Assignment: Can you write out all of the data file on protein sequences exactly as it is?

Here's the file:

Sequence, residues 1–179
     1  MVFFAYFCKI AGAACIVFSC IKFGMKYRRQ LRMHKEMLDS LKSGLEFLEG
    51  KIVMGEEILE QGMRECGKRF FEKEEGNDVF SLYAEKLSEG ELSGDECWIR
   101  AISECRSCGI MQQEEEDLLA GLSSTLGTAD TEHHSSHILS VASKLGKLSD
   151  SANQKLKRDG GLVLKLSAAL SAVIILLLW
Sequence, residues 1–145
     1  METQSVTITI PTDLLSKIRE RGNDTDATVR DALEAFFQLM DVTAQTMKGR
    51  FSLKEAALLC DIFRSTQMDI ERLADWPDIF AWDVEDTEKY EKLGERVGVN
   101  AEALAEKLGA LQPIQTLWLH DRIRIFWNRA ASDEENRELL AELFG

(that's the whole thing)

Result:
Sequence, residues 1–179
     1  MVFFAYFCKI AGAACIVFSC IKFGMKYRRQ LRMHKEMLDS LKSGLEFLEG
    51  KIVMGEEILE QGMRECGKRF FEKEEGNDVF SLYAEKLSEG ELSGDECWIR
   101  AISECRSCGI MQQEEEDLLA GLSSTLGTAD TEHHSSHILS VASKLGKLSD
   151  SANQKLKRDG GLVLKLSAAL SAVIILLLW
Sequence, residues 1–145
     1  METQSVTITI PTDLLSKIRE RGNDTDATVR DALEAFFQLM DVTAQTMKGR
    51  FSLKEAALLC DIFRSTQMDI ERLADWPDIF AWDVEDTEKY EKLGERVGVN
   101  AEALAEKLGA LQPIQTLWLH DRIRIFWNRA ASDEENRELL AELFG